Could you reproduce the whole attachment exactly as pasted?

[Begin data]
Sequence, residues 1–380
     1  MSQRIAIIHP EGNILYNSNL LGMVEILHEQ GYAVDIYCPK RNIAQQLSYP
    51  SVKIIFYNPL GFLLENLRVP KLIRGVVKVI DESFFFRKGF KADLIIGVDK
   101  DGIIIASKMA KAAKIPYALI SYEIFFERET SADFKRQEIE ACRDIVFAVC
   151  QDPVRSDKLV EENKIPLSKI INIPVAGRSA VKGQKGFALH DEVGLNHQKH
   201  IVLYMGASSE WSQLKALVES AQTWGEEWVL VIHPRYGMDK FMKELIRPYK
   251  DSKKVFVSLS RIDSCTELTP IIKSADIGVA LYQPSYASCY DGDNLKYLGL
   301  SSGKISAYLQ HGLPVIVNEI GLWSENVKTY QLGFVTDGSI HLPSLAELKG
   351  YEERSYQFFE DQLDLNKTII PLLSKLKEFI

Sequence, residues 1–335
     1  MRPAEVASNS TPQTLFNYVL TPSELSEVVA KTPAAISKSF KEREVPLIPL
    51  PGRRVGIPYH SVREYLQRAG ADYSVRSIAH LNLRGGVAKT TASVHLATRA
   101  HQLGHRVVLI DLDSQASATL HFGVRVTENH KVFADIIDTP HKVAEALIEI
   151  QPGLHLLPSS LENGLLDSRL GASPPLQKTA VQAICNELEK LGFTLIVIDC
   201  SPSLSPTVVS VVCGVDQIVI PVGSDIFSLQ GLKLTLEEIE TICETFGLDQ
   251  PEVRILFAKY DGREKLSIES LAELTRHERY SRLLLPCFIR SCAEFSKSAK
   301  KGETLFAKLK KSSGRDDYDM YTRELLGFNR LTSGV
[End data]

Sequence, residues 1–380
     1  MSQRIAIIHP EGNILYNSNL LGMVEILHEQ GYAVDIYCPK RNIAQQLSYP
    51  SVKIIFYNPL GFLLENLRVP KLIRGVVKVI DESFFFRKGF KADLIIGVDK
   101  DGIIIASKMA KAAKIPYALI SYEIFFERET SADFKRQEIE ACRDIVFAVC
   151  QDPVRSDKLV EENKIPLSKI INIPVAGRSA VKGQKGFALH DEVGLNHQKH
   201  IVLYMGASSE WSQLKALVES AQTWGEEWVL VIHPRYGMDK FMKELIRPYK
   251  DSKKVFVSLS RIDSCTELTP IIKSADIGVA LYQPSYASCY DGDNLKYLGL
   301  SSGKISAYLQ HGLPVIVNEI GLWSENVKTY QLGFVTDGSI HLPSLAELKG
   351  YEERSYQFFE DQLDLNKTII PLLSKLKEFI

Sequence, residues 1–335
     1  MRPAEVASNS TPQTLFNYVL TPSELSEVVA KTPAAISKSF KEREVPLIPL
    51  PGRRVGIPYH SVREYLQRAG ADYSVRSIAH LNLRGGVAKT TASVHLATRA
   101  HQLGHRVVLI DLDSQASATL HFGVRVTENH KVFADIIDTP HKVAEALIEI
   151  QPGLHLLPSS LENGLLDSRL GASPPLQKTA VQAICNELEK LGFTLIVIDC
   201  SPSLSPTVVS VVCGVDQIVI PVGSDIFSLQ GLKLTLEEIE TICETFGLDQ
   251  PEVRILFAKY DGREKLSIES LAELTRHERY SRLLLPCFIR SCAEFSKSAK
   301  KGETLFAKLK KSSGRDDYDM YTRELLGFNR LTSGV